**Sorry for the disappearing act, y’all! I’ve been getting my learn on at the Western Veterinary Conference in Las Vegas. On the plus side, I’ve attended a ton of reeeally cool lectures, including one reviewing the use of blow darts to deliver tranquilizers. Mr. M is (rightly) nervous.**
Madrid is a city made for eating.
Which is convenient, as eating is kind of my jam. (Jammy pun intended.)
On our way to Morocco to celebrate New Year’s with the fam, Mr. M & I couldn’t help but think that a place so happily yoked to cuisine deserved at least a 24 hour layover.
Despite professional-grade gorging in the name of the holiday season, the waistband of my jeggings hadn’t cut off my circulation quite yet.
Days #11,576-77: Mr. M, my man of few words, has very few requests in life. A little peace & quiet, a bike ride every now and again, and- apparently- Eating Paella in Spain. The nice thing about being light on the demands is that when he does have a request, I’m all too happy to make it so.
Besides- eating paella in Spain against your will is pretty low on the list of Terrible, Horrible No Good Things That Can Befall You.
For those who haven’t yet made its acquaintance, paella is a typically Valencian rice dish with all sorts of meats and saffron stewed in. Unfortunately for me, paella is a carnivore’s treat. It’s rare to find vegetarian paella, and even if you do, it’s not really… paella.
As paella is generally served as a group dish for the table, Mr. M & I settled into El Caldero (Calle de las Huertas 15) and determined that the seafood paella sounded the least offensive to my herbivorous tastebuds.
I figured I’d just pick the fishy bits out of my portion and throw them to Mr. M. Like feeding a sea lion.
And then my Least-Offensive Paella emerged looking like this:
Ay, dios mio. I blessed myself and took a gulp of sacramental sangria.
Dinner was a little intense.
But Mr. M was in heaven, which made me happy as a (stewed & saffroned) clam.
After all that carnage, I suggested we stop for churros con chocolate. To cleanse ourselves.
Spanish drinking chocolate is quite different than the hot chocolate we’re used to at home. It’s super thick, intensely flavored, and nearly as dense as pudding. Instead of being peppered with marshmallows, drinking chocolate is usually enjoyed as a bath for plunging freshly fried & sugared churros.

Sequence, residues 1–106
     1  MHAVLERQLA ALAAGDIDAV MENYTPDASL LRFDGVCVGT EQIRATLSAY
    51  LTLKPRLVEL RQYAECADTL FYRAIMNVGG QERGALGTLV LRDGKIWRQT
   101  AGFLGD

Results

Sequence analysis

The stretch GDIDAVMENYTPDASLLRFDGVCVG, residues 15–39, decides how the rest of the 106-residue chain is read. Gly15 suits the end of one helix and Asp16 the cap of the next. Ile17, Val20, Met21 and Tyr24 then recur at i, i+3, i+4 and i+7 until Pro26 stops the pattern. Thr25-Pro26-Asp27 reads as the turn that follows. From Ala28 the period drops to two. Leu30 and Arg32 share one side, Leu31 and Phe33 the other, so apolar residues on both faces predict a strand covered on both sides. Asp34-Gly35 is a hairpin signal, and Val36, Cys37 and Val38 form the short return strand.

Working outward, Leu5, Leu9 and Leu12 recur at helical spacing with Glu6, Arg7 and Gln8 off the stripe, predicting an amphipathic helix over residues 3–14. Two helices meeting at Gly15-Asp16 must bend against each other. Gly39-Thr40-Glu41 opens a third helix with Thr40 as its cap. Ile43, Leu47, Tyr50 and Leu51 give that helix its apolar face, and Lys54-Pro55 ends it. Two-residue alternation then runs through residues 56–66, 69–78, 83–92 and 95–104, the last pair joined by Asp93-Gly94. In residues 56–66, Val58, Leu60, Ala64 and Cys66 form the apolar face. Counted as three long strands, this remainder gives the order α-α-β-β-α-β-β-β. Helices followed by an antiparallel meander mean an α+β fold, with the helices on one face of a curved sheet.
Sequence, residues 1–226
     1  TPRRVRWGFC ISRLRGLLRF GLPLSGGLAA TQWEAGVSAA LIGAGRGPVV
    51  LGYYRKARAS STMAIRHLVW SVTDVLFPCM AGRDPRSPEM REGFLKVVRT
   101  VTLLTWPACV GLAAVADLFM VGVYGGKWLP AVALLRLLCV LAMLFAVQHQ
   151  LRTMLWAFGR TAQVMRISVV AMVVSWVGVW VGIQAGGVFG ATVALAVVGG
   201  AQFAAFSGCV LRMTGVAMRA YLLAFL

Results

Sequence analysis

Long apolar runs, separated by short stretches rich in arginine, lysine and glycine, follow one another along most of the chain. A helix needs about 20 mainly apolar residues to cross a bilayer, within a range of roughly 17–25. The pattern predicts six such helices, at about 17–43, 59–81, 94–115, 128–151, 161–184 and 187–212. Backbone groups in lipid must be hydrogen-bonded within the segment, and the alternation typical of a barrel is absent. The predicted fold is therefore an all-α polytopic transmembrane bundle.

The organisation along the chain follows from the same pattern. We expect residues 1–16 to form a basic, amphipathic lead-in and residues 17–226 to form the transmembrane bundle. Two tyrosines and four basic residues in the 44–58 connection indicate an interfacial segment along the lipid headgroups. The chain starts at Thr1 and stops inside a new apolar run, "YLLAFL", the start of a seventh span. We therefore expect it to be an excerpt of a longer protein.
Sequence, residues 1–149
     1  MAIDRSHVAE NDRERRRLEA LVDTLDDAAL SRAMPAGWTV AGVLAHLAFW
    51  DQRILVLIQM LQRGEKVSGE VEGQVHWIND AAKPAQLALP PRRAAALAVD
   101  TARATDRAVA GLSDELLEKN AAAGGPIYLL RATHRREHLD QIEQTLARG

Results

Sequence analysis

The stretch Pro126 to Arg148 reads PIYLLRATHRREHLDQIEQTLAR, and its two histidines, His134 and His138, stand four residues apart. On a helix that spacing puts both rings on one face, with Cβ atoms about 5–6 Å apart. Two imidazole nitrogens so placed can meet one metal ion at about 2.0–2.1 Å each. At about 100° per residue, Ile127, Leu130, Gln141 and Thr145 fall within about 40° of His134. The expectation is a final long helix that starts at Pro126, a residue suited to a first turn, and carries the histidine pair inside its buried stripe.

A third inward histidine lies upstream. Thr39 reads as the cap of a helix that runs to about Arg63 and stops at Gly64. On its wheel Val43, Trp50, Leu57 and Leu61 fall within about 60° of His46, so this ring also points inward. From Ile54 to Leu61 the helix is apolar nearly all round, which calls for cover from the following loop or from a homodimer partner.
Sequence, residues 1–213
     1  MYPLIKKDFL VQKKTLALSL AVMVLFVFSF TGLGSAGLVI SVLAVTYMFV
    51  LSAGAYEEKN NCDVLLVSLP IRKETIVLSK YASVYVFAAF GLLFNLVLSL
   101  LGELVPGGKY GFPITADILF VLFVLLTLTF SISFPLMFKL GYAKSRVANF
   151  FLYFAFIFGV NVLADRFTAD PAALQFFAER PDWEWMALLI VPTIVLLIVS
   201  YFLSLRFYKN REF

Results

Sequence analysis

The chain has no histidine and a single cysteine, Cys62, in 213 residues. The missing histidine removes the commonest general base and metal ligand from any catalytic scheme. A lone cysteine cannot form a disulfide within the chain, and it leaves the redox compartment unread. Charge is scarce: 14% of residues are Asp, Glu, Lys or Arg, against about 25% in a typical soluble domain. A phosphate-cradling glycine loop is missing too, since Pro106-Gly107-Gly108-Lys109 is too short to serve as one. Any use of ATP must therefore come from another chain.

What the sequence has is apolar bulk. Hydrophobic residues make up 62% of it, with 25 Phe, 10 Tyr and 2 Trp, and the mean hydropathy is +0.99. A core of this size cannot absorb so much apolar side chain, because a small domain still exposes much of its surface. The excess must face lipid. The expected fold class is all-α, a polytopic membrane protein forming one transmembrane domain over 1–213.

The next day, in the interest of well-roundedness, Mr. M & I tried to do something other than just snack our way through Madrid.
We walked. (Usually in the direction of more food. But that’s neither here nor there.)
But all that walking builds up an appetite, ya know?
His carnivorous leanings not yet sated by last night’s Sea-Creature-Carcass Rice, Mr. M wanted to try another treat for which Spain is famous: jamón Ibérico.
Jamón Ibérico is cured ham made from black Iberican pigs. The fancy-schmanciest kind… as if special black pig ham weren’t fancy enough… is the jamón Ibérico de bellota, which is born from pigs that roam oak forests and feed only on acorns for the last part of their piggy lives.
The jamón is such an important part of Spanish cuisine that whole, hoofy legs are often given as luxurious Christmas gifts! Since jamón Ibérico has become legal in the US (the USDA approved the first Spanish slaughterhouse for import in 2005), I’m honestly not sure why we Americans haven’t gotten into the limb-of-cured-meat-in-your-kitchen thing… they last forever, and you can just slice some ham shavings off whenever the need strikes.
It seems way less gross than sliced “lunch meat” to me, but maybe an herbivore isn’t the best person to make this call.
We had one final foodie mission before leaving Madrid… eating tapas! Spain’s famous little plates are served up exactly how I love to eat at home: a lot of little tastes of a lot of scrumptious things. No getting in trouble for picking at other peoples’ plates! (My secret favorite!)
We tried all the Spanish specialties: dense tortilla espanola (which is more like a potato quiche), crispy patatas bravas doused in spicy sauce, chips of Manchego cheese, empanadillas… all washed down with a few glasses of red Spanish wine.
Like grazing a table full of different tapas dishes, I try to see and do a little bit of everything when I travel… a taste of culture… a sip of popular local pastimes… a nibble of the unique landscape.
But when you’re served up a city that loves food as much as Madrid, it seems only right to do as the locals do- and EAT!
Thank Heavens for elastic pants.
Details of the Day: As in Portugal, you’ll frequently have unsolicited plates of appetizers placed on your Spanish dinner table… yummy-looking olives and cheese and bread and the sort. Feel free to help yourself to the spread, but know that you’ll be charged for any plate that you taste. It’s not like the free pre-dinner bread basket so often included with meals in the States.
Madrid is littered with more scrumptious tapas bars than you’ll know what to do with. Just jump right in! If you’re vegetarian, it might be helpful to come with a cheat sheet of the most common tapas dishes so you can distinguish what’s what. Order a few in one bar, a few in the next… it’s a foodie pub crawl of the most magnificent sort!